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There is power in pausing, in taking time to breathe, to think, to pray or meditate.
Yet the truth is… I often feel indulgent and selfish when I stop rushing around working and serving my family. How can I take time for myself when there is so much for me to do?
But without refueling, how long can I go? What damage am I doing? How effective am I really?
It feels counter-intuitive, but it is true: to give we must be full.
When my children were young, I rarely took the time to sit down and read a book or a magazine. I was in constant motion, the never-ending marathon of mothering.
The only time I treated myself to a novel or a magazine was when I was traveling for work.
I remember standing in line at the airport news kiosks, waiting to purchase a novel and a magazine or two. I felt a rush of childish excitement. I was going to get to sit still, with nothing to do but read.
I would look around at the young mothers with arms full of diaper bags and squirming babies, and breathe my relief. I smiled at their sweet babies’ faces and missed my own children who were waiting for me at home. I would feel guilt for being away from my children. But I was also giddy with the chance to have some time to myself, some time to not look after anyone else but myself.
When my plane was delayed, whether I was trapped on the tarmac or stranded in an airport hanger, I was barely bothered. I had no children to chase after, no laundry to do, and no meals to prepare. All I could do was sit by myself and devour books and magazines. All I had do was to turn the smooth pages of the books, to take in the inspiring photographs of the magazines.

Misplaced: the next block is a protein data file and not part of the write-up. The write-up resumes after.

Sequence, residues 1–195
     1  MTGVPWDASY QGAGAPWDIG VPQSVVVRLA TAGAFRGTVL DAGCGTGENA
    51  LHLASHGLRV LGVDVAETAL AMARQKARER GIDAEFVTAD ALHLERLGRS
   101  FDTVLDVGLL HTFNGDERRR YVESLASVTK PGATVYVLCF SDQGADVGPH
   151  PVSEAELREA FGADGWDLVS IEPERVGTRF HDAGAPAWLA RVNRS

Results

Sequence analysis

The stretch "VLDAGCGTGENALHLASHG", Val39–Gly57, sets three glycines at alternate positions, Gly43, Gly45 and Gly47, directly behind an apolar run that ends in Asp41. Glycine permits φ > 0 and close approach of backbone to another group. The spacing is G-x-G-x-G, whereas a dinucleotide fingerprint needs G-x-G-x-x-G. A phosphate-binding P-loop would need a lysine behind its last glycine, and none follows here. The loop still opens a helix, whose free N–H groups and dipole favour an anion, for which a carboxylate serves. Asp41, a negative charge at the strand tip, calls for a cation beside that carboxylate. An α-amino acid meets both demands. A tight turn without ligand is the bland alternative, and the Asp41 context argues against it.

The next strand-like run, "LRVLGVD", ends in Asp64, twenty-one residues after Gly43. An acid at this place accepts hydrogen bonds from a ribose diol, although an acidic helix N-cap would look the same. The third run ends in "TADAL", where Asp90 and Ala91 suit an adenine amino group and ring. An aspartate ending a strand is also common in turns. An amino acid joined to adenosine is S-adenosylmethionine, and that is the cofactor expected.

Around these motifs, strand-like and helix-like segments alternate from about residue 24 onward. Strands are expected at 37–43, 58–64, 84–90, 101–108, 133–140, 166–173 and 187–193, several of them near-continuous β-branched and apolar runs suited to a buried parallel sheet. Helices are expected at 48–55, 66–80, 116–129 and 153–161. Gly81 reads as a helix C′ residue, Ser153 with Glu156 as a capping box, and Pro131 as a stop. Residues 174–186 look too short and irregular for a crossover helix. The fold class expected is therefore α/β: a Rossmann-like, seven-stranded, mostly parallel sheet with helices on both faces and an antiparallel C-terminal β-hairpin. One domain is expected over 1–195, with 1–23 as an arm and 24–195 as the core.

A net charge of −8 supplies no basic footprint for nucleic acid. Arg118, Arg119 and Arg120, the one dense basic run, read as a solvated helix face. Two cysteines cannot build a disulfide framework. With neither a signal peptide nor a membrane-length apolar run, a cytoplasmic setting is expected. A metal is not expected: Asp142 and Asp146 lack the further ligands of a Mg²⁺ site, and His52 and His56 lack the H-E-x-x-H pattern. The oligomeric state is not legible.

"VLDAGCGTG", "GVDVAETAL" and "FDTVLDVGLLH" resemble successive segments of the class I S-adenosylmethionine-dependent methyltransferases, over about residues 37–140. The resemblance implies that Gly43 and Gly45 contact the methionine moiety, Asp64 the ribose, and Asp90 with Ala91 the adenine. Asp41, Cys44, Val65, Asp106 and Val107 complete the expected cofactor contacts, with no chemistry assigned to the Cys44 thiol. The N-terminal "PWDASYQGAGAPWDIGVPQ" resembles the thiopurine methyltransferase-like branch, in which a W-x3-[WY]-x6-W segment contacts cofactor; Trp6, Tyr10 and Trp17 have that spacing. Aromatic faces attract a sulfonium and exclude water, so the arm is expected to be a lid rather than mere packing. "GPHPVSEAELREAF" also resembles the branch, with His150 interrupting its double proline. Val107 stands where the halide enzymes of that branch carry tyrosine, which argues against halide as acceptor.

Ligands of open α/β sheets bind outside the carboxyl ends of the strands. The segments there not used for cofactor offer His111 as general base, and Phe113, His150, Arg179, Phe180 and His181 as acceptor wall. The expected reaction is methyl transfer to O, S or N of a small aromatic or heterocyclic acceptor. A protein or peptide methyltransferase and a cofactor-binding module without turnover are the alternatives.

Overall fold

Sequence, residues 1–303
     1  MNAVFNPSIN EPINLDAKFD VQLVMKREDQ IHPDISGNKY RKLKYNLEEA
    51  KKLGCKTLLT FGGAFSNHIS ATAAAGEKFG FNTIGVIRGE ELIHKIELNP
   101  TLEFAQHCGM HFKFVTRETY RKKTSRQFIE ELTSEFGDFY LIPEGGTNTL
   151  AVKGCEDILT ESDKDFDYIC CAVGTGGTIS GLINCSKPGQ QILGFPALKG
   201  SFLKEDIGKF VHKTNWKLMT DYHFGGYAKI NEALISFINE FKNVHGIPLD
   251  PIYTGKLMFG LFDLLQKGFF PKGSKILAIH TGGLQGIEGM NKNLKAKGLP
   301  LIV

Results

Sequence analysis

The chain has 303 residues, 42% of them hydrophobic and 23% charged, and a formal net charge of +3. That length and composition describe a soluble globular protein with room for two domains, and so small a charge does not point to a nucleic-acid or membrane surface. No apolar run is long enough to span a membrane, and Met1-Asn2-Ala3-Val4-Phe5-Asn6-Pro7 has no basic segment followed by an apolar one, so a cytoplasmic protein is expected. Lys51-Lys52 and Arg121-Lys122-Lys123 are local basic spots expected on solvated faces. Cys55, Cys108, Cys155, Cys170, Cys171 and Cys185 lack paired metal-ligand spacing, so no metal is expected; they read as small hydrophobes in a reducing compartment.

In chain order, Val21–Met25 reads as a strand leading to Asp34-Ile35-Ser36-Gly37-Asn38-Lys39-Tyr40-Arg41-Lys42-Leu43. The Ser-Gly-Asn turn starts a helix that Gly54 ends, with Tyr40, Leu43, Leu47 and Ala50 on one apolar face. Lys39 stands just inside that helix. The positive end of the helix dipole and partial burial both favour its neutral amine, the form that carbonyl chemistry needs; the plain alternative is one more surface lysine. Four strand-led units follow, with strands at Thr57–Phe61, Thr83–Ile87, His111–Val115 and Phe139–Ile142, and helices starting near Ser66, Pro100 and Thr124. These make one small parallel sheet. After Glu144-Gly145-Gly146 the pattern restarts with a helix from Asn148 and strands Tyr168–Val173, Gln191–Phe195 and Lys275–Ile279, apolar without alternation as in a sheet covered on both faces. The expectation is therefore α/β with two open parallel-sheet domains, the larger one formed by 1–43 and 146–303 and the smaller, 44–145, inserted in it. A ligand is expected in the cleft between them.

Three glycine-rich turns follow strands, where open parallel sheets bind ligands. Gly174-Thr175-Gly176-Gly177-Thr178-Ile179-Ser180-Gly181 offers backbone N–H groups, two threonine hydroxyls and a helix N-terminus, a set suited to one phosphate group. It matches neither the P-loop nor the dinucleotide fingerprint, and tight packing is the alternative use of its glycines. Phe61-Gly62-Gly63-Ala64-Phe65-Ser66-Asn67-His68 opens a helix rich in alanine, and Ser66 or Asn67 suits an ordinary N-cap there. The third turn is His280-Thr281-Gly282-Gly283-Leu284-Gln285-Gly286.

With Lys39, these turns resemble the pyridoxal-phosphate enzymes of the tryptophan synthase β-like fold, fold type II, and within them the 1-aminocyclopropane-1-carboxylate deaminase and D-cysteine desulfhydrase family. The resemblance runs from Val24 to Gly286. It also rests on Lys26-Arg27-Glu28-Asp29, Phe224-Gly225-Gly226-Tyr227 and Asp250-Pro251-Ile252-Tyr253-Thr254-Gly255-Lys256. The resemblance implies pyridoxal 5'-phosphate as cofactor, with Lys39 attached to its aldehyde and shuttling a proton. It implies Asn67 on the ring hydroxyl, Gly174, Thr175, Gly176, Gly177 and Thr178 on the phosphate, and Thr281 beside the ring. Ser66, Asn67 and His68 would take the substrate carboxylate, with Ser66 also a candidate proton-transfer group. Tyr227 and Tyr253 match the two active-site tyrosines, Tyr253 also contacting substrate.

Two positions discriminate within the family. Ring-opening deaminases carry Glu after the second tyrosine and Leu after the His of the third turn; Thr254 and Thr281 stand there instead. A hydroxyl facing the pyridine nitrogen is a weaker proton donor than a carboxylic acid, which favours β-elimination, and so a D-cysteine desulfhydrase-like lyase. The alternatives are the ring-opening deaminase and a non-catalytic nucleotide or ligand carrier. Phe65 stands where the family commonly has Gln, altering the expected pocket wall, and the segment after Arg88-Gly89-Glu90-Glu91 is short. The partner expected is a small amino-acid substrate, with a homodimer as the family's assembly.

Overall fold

Yes, the chance to finally just be quiet, even if had to come from broken airplanes and interrupted travel plans, was a rare luxury to an over-extended mother.
Now that my children are no longer toddlers who require full contact parenting, you would think my schedule would be easier. But now my time disappears even faster as I spend my time taxiing kids to football and cheer practice, preparing meals, cleaning up, and helping with homework.
(And somehow, in between all the demands of parenting, I must fit in full time work hours.)
My schedule is too packed. I can’t possibly take time for myself — time to read a magazine, with a cup of tea and cozy blanket. Right?
My schedule is so demanding that I MUST take time for myself.
If I don’t quiet my heart and slow down my mind, I run out of everything I need to give.
I won’t have the patience and wisdom to parent. I won’t have the creativity and inspiration to work. I won’t have the passion and joy to love.
So here is your permission to pause — your order to stop rushing.
You don’t just get to take time for yourself, you MUST take time for yourself.
You need to breathe.
It is science.
Try it right now. Take three deep, soul and body cleansing breaths.
Close your eyes and breathe in until your lungs can’t take in any more air. Hold it for five to ten seconds and then slowly let it go.
Keep breathing out slowly until you can feel your lungs empty and the blood tingling in your fingers and toes.
This life is busy and exhausting. But it is also beautiful and precious.